According to the FAO ( 2015), Brazil has around 493.5 million hectares of forest land, which constitutes to 59% of the total land area. Although forest land cover in Brazil has declined for the last 25 years, with a loss of around 0.4% forest cover per year, Brazil represents the second largest forested area in the world, second only to Russia (Brazilian Forestry Service). Around 485 million hectares are primary or otherwise naturally regenerated forests, and the remaining part of 7.7 million hectares is planted forest, mainly consisting of introduced species such as Eucalyptus and Pine, and to a lesser extent Acacia, Teak and Rubber wood (TFT). The vast majority of the country’s planted forests are located in the south of Brazil, while the native forests that provide timber are almost exclusively part of the Amazon. Brazilian forests can be classified broadly as Amazon rainforest, Atlantic rainforest (Mata Atlântica), central ‘cerrado’ savannah, arid ‘caatinga’ and the wetlands of the Pantanal (ITTO, 2011).
Different sources differ in their ownership estimations: between 68% (FAO) and 81% (TFT) of the forest area is supposed to be ‘publicly owned’. Public ownership is merely public administration, the other part is owned by communities. Also indigenous lands in Brazil are considered of public ownership. Between 19 and 23% is supposed to be in private ownership. In their country report Brazil, FAO states that in 8% of the forest area, ownership is unknown and there is a great lack of information on the ownership of forests in Brazil, probably also caused by differences in the interpretation of ‘public ownership’. Public lands with natural forests can be managed by private companies of by traditional communities. There is no plantation management on public lands. The management of natural forests may also occur on private land (NEPCon).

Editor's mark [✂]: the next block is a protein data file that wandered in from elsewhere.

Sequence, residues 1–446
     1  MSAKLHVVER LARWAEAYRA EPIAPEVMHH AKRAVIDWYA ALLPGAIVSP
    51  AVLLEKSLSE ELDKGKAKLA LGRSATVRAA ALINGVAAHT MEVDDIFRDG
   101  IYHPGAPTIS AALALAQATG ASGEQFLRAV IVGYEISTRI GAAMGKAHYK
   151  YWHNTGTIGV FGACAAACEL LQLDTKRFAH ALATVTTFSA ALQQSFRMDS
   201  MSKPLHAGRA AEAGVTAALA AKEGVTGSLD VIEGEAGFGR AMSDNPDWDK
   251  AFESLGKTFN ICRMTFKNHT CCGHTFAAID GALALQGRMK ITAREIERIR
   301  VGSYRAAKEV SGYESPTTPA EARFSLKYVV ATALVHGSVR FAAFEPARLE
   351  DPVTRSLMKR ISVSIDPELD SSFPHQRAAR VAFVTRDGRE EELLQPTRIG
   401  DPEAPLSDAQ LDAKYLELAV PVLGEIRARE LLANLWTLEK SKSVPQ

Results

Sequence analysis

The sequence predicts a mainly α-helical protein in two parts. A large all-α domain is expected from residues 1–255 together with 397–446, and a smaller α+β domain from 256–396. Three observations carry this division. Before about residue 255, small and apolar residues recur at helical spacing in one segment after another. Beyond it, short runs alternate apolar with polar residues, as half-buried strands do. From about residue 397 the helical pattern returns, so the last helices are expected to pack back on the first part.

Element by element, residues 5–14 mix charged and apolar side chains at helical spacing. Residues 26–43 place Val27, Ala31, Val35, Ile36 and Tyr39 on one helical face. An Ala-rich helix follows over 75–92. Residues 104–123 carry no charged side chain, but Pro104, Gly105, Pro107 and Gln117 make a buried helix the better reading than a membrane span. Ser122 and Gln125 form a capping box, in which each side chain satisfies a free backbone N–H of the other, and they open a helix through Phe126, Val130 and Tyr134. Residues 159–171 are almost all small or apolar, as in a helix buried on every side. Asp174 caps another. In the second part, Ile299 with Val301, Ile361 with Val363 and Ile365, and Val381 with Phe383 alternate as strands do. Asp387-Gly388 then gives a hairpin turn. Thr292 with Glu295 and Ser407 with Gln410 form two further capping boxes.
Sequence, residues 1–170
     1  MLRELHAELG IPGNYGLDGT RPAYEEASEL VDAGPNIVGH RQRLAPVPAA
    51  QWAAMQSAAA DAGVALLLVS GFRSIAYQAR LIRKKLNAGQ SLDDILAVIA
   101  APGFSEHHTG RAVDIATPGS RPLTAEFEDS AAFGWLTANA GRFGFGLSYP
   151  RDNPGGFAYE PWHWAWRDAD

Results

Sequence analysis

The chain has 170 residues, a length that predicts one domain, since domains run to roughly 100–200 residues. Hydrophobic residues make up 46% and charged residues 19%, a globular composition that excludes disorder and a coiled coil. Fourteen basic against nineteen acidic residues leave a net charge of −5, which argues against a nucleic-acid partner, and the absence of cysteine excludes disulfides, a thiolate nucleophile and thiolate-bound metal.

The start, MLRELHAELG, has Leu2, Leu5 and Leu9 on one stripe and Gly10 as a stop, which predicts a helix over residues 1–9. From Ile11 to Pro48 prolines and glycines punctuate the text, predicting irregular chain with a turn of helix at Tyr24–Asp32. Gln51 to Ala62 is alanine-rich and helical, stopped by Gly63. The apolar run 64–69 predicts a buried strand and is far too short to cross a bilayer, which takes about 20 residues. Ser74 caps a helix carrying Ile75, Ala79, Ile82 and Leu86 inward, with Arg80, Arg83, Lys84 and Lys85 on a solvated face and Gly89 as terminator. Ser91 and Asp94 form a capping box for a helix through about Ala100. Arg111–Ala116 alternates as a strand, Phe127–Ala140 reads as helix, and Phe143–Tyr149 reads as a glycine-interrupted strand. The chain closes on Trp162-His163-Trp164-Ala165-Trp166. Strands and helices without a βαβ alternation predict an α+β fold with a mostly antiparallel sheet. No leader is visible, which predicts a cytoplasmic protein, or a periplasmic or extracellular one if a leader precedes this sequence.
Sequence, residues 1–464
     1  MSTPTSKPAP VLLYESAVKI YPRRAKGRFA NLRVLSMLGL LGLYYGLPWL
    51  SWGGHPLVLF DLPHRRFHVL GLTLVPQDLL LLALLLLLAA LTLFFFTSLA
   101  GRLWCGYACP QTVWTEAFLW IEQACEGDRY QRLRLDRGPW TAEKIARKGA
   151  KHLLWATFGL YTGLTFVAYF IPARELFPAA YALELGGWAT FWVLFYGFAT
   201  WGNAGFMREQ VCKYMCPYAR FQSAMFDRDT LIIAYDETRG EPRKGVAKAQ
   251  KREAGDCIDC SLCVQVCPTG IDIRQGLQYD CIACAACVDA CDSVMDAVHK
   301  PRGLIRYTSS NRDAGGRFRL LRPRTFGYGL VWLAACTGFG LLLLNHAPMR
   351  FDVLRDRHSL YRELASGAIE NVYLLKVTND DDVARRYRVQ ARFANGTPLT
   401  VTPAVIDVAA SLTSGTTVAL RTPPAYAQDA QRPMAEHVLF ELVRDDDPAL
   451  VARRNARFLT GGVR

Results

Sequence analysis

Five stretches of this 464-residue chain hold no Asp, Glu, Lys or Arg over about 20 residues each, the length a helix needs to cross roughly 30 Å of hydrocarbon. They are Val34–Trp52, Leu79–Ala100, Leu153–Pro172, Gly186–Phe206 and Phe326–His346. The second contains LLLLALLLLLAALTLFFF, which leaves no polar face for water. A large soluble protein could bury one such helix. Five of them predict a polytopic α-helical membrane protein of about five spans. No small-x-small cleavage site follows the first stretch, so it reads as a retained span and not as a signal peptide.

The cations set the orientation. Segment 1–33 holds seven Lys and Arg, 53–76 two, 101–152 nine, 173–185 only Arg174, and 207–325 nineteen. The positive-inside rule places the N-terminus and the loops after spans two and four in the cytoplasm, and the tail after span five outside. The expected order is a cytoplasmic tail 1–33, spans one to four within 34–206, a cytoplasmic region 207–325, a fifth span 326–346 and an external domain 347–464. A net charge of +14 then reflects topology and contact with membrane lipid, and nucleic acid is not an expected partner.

“Permanent Forest Estate” (PFE) is defined as: Land, whether public or private, secured by law and kept under permanent forest cover. This includes land for the production of timber and other forest products, for the protection of soil and water, and for the conservation of biological diversity, as well as land intended to fulfil a combination of these functions. Forest area that is not classified as PFE is open for conversion to other land uses. According to ITTO (2011), about 60% of the total forest area in Brazil is “Permanent Forest Estate” (PFE): 310 million hectares (data 2010). The PFE-area is roughly divided into Production and Protection areas. The production PFE includes both natural forest and planted forest, In the case of Brazil the production PFE includes:
- FLONAs (floresta nacional (national forest) - type of conservation units),
- extractive reserves,
- sustainable development reserves,
- legal reserves and permanent preservation areas on private land.
In general, protection PFE is considered to be the area of forest inside designated protected areas, where timber production and other forms of resource exploitation such as mining and commercial hunting are not legal land uses. Protection-PFE in Brazil includes: units of integral protection (federal and state) and indigenous lands.
Production and export
According to ITTO (2015) the Brazilian industry produced in 2014 about 162 million m3 of logs, of which 1.3% was exported. Total export value of primary timber products was about 990 million US dollars.
Commonly harvested tropical species for industrial roundwood (ITTO, 2011), in terms of volume: